Tuesday, the 17th of January found a group of us, from Mathare Social Justice Centre (MSJC) making our way to Mlango Kubwa for a community dialogue session on the issue of political precarity occasioned by the violence of the state against its citizens, and continually using the police as a tool for arbitrary arrests, malicious prosecutions, enforced disappearances and death of said suspects of crime. Being a fortnight after Christmas, there would be expected some mirth in the community, with children playing or even, at least, conversations about the great year ahead. But all is sullen, most people restrict their movements to within their close neighbourhood, actually, we were invited to this particular area by the youth who were disturbed that they were being killed like dogs! They confided that a policeman in Mlango killed 6 people and the very next day 5 people. There was nothing to celebrate about the new year. No rest. No peace. This story of police brutality and then shattering anguish of the bereaved goes much the same way as it does in many parts of the country, Mathare forms part of the many ghettos within Kenya that are clouded with the plague of normalized extrajudicial executions. Alarmingly, these are perpetrated by a body established within the constitution and mandated to ensure security of the citizens. It is therefore ironical that here in Mathare, the custodians of law and order have become the harbinger and perpetrators of anarchy and broad-daylight executions.
It was noted in the dialogue that:
The policeman patrolling the area that may or may not be in their jurisdiction and that(he)
- guns down one or more young men who are alleged criminals.
- A gun finds it way to the body of the then diseased.
- Usually a fake gun – Bonoko. Usually the very same one.
The Kenyan state has made extrajudicial killings and unlawful arrests excruciatingly mundane for the second class citizens, the residents who live to the east of the city. Dying in Nairobi is a particularly class thing.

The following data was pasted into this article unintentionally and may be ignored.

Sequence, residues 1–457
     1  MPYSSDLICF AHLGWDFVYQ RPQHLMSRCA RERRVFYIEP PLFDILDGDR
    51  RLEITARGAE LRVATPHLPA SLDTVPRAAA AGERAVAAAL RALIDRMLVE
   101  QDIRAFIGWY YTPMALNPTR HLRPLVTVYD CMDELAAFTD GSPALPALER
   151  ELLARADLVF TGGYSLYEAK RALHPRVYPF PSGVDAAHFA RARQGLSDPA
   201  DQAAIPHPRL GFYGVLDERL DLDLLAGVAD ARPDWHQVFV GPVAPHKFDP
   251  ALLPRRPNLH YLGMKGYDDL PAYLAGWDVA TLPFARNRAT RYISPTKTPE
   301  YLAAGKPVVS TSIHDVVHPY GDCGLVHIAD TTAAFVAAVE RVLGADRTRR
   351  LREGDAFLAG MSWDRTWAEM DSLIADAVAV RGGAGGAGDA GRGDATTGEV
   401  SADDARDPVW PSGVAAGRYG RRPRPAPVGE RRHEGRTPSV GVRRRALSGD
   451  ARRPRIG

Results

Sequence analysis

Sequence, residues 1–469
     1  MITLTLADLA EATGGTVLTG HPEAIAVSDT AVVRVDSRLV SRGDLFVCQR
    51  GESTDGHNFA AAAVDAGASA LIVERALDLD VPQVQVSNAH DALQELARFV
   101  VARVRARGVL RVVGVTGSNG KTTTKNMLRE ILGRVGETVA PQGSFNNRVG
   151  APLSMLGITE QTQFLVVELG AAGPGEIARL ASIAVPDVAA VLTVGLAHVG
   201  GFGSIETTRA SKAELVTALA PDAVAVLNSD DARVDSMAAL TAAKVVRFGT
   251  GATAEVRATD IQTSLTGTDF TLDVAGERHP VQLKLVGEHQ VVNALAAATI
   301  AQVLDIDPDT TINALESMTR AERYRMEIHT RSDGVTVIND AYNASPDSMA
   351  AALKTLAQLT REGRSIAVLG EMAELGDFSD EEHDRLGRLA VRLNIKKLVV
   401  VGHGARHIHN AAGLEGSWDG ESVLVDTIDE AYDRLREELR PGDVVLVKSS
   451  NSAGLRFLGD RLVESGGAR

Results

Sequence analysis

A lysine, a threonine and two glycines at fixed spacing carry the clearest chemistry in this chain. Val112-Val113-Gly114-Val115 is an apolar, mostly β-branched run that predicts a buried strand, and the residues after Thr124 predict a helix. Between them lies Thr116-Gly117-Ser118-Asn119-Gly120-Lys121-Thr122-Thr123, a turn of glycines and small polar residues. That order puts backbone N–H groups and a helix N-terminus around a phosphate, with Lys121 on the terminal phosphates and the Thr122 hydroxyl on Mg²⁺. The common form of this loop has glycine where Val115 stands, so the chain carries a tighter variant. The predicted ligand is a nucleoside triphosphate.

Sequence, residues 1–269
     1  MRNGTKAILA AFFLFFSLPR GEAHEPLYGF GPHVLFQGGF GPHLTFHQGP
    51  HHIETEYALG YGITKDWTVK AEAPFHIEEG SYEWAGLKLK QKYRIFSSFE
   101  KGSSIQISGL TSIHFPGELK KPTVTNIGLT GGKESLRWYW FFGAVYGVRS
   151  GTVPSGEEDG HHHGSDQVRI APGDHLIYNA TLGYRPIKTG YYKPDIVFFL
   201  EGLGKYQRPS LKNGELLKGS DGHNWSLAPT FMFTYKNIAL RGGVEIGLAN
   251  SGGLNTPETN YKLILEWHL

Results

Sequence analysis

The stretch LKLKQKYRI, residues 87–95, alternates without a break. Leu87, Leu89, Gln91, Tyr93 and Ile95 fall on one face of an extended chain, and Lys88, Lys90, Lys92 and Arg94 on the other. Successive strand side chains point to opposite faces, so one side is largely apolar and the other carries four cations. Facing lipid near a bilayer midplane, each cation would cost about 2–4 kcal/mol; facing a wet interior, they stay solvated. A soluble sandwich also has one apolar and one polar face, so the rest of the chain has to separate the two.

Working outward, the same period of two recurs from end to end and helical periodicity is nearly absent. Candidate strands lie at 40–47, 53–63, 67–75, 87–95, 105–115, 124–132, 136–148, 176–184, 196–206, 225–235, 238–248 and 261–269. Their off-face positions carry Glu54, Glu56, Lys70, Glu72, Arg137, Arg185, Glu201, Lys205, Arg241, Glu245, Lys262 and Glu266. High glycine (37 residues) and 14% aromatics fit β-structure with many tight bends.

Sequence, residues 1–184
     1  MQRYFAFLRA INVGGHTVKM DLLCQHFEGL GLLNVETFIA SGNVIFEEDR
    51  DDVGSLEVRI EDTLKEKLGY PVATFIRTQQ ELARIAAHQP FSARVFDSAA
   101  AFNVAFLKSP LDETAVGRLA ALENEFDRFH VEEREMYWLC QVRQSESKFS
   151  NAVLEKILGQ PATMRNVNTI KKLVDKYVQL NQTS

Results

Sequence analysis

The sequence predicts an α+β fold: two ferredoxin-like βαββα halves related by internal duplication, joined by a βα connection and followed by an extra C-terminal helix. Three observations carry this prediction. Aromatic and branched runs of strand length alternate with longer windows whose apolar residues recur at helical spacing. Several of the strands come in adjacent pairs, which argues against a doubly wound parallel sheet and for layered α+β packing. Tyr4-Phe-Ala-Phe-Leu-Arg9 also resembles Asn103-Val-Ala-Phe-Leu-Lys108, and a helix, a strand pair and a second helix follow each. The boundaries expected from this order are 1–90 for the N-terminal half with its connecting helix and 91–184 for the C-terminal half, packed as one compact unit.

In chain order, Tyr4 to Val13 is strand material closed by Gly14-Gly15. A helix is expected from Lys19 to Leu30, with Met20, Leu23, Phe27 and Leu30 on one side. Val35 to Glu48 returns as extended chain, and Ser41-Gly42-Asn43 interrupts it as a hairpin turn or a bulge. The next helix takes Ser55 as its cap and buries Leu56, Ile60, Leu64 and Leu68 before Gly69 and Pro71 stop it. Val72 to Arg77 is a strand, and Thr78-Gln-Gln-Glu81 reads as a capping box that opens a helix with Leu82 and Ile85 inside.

It is about 10 am and people are quickly filling in. The few narrow benches against the walls are not sufficient to contain the numbers of mainly young people making their way into the building. There are as many men as there are women. The faces of the departed were present too. Painted on the t-shirts of friends and family whose existence continues to be etched on the scenes of the crimes.
The discussion begins with a short introduction of the people from MSJC. After this, Steve, speaks in detail on Article 49 of the constitution on the rights of arrested persons. Steve who is now a law student, grew up in Mlango Kubwa. As a member of the community, and as someone who has been unlawfully arrested, he speaks with a deep understanding of what it means to encounter the cruel hands of the law. The very idea, that one could demand for official details and reason for arrest from an armed and often times intoxicated policeman with a record for shooting at sheer will seemed incredulous to most. That one should refuse to pay a bribe to a policeman and face the risk (or have their friend or family) of languishing in jail was almost laughable if it was not so heart wrenching. It seemed that everyone so desperately wanted to believe Steve. To imagine that we too had rights, we too were citizens of this country; as human as everyone else.
Gacheke speaks: And people respond in intervals. Writing down a pledge on the funeral fundraiser book, printing t-shirts for burials and memorials sometimes for someone as young as 13 years old shot dead by the police is too tragic a routine to get used to. Fear is sown easily here. And so your neighbour may report you, sometimes, to save themselves. Or your aunt, who together with your mother and friends paid the bribe to have you released from jail asks back for her contribution. You were arrested for touting! Try and disprove that. What is a young jobless person to do? Of course, there are options. But very few options.
Someone asked the question – ‘and how many people have been killed’? Jonte answered – well over 500 young men have in the recent past been gunned down by the police. Where is justice to be found? The police will at best, ask for a bribe. Mama Rahma, who was just named the best human rights defender of the year, said, that when she goes to the police station to complains about muslim women being raped, the response of the police is ‘but you are used to being raped. It has happened to you since you were 12’. When we try to access the internal commission of police, we are stopped at the gates by the guards. Why? Because our clothes are as faded as our skin and we are immediately assumed to be thieves. The politicians and the chiefs are never to be found in these times. They appear cyclically every 5 years. People are not people. They are only voters. Now that the election registration season is here, they have once again appeared from whichever mansions they had sprinted into, leaving their promises to us cracking out in the sun. This time though, things have to be different. Maybe we should take the money they offer us and still vote them out. But whom should we vote in? Are they all we have? What has democracy done to the wretched of the Earth? What can the oppressed do to own their dignity? What is human dignity these days?